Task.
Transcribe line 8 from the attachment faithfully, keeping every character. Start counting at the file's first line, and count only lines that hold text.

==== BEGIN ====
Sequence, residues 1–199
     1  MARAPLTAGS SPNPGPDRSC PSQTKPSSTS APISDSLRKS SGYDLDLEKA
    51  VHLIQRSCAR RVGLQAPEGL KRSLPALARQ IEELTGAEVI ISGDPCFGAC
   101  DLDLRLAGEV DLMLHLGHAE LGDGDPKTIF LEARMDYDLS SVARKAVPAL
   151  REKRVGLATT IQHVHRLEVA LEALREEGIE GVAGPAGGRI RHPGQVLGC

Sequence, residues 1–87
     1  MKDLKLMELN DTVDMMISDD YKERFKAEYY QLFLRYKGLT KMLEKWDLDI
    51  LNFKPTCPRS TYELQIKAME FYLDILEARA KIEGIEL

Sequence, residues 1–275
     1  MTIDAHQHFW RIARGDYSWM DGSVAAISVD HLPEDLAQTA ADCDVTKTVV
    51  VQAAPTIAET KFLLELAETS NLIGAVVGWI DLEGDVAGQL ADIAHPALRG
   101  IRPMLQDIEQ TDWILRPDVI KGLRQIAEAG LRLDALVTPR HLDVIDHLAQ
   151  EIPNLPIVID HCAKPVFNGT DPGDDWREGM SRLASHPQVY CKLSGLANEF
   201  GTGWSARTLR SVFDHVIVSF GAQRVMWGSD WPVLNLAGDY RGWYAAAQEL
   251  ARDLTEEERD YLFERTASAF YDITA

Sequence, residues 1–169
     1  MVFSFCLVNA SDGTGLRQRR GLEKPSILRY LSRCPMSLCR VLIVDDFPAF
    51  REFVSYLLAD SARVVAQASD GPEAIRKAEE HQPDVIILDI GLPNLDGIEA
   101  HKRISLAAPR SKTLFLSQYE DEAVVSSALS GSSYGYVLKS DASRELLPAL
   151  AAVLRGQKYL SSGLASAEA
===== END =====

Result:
    51  LNFKPTCPRS TYELQIKAME FYLDILEARA KIEGIEL